It is not yet publically known whether the excluded animal data was unfavorable or simply a reporting error by researchers, he noted.
“Until these data are available to all of us, I believe all human trials of this drug should stop, and because of this uncertainty, I do not think we can trust any findings about ozanezumab. But it also puts other clinical trials from China under suspicion, and this makes me very nervous.”
IOM: GLOBAL STRATEGIES NEEDED
On Aug. 1, the Institute of Medicine (IOM) released a report concluding that there are a number of steps that could help “harmonize” regulation of drug development around the world, especially in emerging markets where problems like the ones in Shanghai might occur.
Based on a workshop earlier this year, the report said many low- and middle-income developing countries “lack the regulatory capacity for drug approval,” while differences in regulatory requirements among countries can cause delays in new drug approvals and even necessitate additional clinical trials.
More consistent standards could improve the efficiency and clarity of drug development and evaluation and, ultimately, “promote and enhance product quality and the public health,” according to the report. “The FDA cannot do its job well without substantive improvements in the capacity of its counterpart agencies in emerging economies, especially the sharing of inspection reports.”
Eric Campbell, PhD, professor of medicine at Harvard Medical School, said the ozanezumab controversy points to the need for closer scrutiny of data from trials conducted in emerging countries.
“This is a classic example of how clinical trials can go wrong in the absence of strict regulatory oversight,” he told Neurology Today in a telephone interview.
“Unlike in many developing countries, in the US, we have a large regulatory structure in place for conducting and overseeing clinical trials, and when there are problems there is a quick response to protect clinical trial subjects,” he said. “In China, and in many other emerging countries where large pharmaceutical companies are conducting studies, the systems of oversight are are less advanced and, without a sound regulatory infrastructure, there is always the risk of something going wrong without it being reported or detected.”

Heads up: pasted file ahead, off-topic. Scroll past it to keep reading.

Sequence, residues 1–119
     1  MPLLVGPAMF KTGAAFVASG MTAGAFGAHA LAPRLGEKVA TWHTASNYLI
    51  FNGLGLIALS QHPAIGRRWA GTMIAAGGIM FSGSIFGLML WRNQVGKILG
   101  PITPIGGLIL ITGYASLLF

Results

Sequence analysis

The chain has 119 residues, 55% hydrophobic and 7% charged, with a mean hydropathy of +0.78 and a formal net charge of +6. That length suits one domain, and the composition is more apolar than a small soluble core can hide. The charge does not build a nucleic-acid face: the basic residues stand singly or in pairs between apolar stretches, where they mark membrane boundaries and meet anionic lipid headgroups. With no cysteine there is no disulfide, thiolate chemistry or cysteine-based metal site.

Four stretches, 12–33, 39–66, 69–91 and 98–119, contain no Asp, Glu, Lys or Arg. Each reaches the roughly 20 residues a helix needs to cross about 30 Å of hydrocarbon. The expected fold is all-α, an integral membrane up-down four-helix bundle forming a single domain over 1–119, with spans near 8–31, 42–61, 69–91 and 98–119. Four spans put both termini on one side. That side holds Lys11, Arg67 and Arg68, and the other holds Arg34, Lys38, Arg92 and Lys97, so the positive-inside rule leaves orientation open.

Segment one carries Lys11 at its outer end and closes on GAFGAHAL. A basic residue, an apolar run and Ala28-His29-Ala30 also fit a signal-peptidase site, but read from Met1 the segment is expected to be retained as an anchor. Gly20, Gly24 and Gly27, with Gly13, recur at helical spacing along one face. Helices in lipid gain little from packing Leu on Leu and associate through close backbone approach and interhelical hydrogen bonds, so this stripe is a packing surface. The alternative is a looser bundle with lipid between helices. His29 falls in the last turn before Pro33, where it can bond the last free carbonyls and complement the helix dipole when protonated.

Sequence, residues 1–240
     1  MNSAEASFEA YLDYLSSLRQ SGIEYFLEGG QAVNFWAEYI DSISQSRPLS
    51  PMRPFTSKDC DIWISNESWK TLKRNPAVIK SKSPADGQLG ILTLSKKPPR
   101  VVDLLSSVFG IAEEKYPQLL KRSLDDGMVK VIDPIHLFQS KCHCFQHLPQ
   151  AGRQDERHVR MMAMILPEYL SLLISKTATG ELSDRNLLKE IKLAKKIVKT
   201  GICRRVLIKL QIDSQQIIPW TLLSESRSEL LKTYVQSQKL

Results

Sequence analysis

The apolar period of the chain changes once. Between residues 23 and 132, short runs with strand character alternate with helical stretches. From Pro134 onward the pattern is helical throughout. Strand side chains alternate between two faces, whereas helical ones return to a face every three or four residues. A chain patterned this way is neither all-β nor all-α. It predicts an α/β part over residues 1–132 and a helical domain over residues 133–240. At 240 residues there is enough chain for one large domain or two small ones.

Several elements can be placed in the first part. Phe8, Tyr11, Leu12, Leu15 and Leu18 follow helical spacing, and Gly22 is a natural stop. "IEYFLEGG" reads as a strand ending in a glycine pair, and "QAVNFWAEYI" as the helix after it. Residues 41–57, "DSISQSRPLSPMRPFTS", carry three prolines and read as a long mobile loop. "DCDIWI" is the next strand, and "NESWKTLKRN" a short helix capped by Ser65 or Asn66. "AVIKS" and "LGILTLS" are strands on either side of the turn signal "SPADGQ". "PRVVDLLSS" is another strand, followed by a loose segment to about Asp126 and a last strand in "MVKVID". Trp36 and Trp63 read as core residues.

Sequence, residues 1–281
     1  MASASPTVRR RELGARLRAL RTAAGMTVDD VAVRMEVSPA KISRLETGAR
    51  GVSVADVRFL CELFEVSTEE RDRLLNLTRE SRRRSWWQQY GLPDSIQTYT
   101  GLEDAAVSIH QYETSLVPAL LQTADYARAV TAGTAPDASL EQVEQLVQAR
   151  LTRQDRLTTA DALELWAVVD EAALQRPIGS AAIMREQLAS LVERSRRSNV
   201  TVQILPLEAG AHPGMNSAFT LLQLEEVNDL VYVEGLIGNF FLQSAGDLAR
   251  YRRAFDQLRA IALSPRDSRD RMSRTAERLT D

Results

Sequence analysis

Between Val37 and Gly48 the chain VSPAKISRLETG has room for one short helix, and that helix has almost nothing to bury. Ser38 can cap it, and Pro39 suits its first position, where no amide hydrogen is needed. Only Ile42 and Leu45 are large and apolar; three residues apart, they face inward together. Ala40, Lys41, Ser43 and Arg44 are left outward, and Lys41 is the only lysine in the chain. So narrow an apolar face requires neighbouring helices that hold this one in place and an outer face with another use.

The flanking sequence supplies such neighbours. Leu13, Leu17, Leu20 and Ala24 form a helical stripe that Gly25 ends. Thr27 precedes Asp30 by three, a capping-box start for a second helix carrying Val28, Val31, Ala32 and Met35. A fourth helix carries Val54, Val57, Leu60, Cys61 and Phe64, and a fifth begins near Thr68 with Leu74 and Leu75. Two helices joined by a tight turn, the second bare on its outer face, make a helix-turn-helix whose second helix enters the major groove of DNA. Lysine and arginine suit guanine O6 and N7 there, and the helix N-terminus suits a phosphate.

Dr. Campbell is also director of research at the Mongan Institute for Health Policy at Massachusetts General Hospital.
“The problems with the ozanezumab studies are not unique to GSK,” he noted. “Many large pharmaceutical companies are moving trials overseas.”
Countries where the overhead cost of conducting trials is significantly lower, and where there is less oversight, are becoming increasingly attractive for major drug companies, and these companies are driven, above all, by the bottom line, Dr. Campell said.
“Big drug companies are no different from major oil, defense, or financial corporations, so it is important for all of us to maintain a healthy skepticism of any clinical trial where the work has been done in an emerging country. Without the type of regulatory infrastructure we have here in the US, it is impossible to know if a trial has been conducted with the same degree of oversight, or if results are being reported accurately.”